Economic Policy Review ISSN 1313 - 0544

National or Common European Economic Policy

Author: Veliko Dimitrov / 24.04.2010
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Greece has not been extremely successful for the last few months - the 2010 budget deficit is expected to exceed 4 times the maximum allowed by the Maastricht Treaty and the economy to shrink for a second consecutive year in 2010. Besides that, the constant strike activities in the private and public sector are going to increase even more the expected negative growth as they have not been taken into account. Moreover one could add disclosures of national statistics manipulations and generally growing suspicion in the country's stability. In the last weeks Greece's credit default swap has risen over 350 base points. This indicator in comparison to other somewhat risky countries in the Euro zone such as Spain, Italy and Portugal is 140, 130 and 180 points respectively [1]. It is worth mentioning that the current situation in Greece is not some recent ill-advised policy but a traditional long-term one. According to the regular observers it consists of unchecked budget spending, public sector corruption, high taxes and respectively tax evasion.

Since Euro is the official currency in Greece all this could not have affected its exchange rate - in the last three months the common currency depreciated over 10% to the dollar [2]. Although the depreciation of a national currency is viewed as a positive development for exporters, for everybody else it is a real impoverishment. And since Greece is not the only country in the Euro zone this directly affects the economies of the other member states.

Logically, all mentioned above created an echo at the highest European political level consisting generally of two reactions - one immediate and visible, and another hint with probable continuation. The first one was the meeting between the Euro zone state leaders, the "two big" in the EU (Barroso and van Rompuy) and the European Central Bank governor where they achieved a consensus to financially help Greece in some form [3]. The second reaction was implied a few days ago by the EU President and the European Commission chairman. It can initiate a general plan of new initiatives for national economic policy "cohesion" in the European countries. Or in Barroso's own words: "The Economic policy is not a national issue, it is a European one".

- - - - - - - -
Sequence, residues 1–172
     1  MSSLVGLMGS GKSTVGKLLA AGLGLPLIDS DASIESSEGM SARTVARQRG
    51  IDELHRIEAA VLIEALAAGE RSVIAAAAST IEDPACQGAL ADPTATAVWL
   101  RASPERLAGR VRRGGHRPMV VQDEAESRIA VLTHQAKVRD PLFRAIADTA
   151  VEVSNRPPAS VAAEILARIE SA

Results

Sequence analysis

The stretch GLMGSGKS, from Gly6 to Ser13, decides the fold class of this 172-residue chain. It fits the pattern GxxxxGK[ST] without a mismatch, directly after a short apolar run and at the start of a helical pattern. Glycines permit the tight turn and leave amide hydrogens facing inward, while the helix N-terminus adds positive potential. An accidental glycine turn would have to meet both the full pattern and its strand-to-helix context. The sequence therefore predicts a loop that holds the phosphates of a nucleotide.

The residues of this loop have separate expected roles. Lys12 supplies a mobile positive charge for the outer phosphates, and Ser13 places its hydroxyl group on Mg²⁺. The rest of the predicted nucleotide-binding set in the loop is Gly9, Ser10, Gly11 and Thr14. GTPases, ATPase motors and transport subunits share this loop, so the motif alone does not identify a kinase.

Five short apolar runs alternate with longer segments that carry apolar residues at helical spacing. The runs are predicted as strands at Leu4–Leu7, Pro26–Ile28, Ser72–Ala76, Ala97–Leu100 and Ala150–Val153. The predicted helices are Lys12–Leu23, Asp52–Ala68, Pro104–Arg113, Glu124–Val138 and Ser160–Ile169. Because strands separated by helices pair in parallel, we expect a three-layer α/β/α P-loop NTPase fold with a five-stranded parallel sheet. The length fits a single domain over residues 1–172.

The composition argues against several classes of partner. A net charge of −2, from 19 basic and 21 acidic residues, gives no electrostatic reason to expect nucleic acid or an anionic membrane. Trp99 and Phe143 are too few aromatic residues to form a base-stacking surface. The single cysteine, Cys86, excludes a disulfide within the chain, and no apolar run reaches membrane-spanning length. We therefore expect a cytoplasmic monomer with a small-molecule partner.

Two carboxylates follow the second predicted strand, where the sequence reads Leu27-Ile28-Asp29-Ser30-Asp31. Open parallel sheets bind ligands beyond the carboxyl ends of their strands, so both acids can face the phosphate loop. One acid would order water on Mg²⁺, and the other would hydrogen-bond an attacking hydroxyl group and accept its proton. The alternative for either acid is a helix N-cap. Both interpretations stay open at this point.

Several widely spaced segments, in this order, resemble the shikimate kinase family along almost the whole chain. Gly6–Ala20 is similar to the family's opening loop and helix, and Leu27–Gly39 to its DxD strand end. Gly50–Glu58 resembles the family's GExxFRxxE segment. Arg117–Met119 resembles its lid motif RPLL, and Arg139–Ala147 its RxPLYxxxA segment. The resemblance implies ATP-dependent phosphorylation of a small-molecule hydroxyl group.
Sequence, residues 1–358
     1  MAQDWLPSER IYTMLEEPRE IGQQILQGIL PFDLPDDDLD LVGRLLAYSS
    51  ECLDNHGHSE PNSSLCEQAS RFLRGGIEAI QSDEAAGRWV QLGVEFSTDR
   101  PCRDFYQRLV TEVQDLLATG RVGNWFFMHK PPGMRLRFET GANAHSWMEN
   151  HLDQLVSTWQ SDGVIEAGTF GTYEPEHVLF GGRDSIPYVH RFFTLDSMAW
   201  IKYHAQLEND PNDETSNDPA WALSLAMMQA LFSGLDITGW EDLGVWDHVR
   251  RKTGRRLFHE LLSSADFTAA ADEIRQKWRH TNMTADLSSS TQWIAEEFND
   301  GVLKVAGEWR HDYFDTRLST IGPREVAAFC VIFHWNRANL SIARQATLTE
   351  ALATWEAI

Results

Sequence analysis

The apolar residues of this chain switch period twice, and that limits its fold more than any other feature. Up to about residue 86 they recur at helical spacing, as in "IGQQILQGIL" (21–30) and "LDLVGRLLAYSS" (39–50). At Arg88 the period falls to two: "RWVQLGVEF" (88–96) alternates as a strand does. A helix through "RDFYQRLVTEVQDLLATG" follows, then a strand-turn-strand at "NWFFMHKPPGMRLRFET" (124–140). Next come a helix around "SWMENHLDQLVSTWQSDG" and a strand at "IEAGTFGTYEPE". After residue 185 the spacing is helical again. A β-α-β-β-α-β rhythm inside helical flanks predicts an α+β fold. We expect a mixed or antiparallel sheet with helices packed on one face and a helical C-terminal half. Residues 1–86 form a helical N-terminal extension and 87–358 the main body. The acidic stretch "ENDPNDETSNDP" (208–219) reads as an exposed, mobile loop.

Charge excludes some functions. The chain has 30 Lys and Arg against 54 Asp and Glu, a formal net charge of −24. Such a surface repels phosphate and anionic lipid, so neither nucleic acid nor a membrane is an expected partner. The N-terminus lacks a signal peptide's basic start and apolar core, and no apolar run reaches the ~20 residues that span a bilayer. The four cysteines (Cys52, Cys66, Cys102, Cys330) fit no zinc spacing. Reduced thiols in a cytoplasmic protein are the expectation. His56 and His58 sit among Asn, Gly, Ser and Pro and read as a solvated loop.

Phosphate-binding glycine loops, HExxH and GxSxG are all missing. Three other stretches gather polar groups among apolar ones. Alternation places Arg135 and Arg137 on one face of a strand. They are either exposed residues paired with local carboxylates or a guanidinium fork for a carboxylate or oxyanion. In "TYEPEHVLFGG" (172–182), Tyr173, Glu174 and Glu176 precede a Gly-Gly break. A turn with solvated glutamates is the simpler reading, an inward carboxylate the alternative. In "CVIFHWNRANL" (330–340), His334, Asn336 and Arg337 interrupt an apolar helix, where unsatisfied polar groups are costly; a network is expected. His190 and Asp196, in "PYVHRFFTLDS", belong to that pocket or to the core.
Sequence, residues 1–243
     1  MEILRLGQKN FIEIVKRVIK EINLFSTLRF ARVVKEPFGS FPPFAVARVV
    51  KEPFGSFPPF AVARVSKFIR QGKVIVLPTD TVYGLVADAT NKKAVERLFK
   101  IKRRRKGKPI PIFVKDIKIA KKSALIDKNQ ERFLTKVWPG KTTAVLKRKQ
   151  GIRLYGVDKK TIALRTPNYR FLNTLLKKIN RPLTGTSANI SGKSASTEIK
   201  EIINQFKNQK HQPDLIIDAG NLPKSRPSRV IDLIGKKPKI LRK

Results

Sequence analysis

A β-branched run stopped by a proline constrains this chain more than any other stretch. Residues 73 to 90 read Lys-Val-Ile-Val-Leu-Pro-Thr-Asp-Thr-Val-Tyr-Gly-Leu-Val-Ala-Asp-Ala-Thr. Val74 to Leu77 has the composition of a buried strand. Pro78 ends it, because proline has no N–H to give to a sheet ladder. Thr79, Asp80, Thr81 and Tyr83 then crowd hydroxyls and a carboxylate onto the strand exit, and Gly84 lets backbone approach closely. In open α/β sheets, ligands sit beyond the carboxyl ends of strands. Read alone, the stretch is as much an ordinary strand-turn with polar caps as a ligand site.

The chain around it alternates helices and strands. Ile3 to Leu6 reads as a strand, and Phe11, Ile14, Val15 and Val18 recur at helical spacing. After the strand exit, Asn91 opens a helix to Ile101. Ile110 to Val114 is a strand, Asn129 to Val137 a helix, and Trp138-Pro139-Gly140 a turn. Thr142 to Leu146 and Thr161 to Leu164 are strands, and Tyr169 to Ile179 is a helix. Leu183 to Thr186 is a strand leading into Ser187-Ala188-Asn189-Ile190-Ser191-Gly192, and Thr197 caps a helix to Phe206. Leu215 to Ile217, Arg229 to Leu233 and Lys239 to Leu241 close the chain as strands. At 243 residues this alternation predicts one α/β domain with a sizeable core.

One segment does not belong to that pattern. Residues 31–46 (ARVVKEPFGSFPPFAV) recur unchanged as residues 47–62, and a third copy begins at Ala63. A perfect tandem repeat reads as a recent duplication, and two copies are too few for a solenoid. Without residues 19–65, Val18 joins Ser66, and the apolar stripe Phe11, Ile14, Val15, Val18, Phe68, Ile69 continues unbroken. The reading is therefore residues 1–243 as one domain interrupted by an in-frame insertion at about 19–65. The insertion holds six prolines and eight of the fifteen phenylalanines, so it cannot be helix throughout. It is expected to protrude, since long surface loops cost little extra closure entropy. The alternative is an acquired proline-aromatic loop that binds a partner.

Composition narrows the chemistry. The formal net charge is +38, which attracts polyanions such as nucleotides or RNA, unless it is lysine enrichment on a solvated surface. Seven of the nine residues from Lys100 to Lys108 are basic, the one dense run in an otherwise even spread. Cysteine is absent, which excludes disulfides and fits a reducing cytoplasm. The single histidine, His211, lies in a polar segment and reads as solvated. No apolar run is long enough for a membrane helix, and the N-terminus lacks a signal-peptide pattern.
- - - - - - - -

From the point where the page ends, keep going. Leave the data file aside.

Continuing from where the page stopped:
What does this mean in practice? There is no real way to precisely determine the degree of European common legislation harmonization between the EU countries but certainly it is a major one [4]; tens of thousands pages of European acts regulate substantial part of agriculture and food, environmental protection, the European institutions and their related national structures, energy efficiency, entrepreneurship, accreditation, consumer protection, financial services and much more.

The most important effect of all these regulations is the lesser extent to which the states could compete among themselves as a result of their own choice in the economic policy specter. Of course the lesser the harmonization, the bigger the freedom of choice is. This means that some EU states will experience faster and more stable development while others will fall in crises and get poorer (the case of Greece). Fortunately states have not been deprived from levers of sovereign economic policy yet especially towards the fisc. This condition should at least be preserved to prevent an EU economic decline due to lack of healthy competition between the states. And why not think of a reversal about a number of presently harmonized areas?



[1] Bloomberg


[3] "A Greek Bailout: Is it legally possible and what will it cost EU taxpayers?", Open Europe, 2010 -

[4] Cost of Institutional Harmonization in the ENP Countries, Veliko Dimitrov, CASE Network Studies and Analyses No.388 -,publikacja_id-25386108,nlang-710.html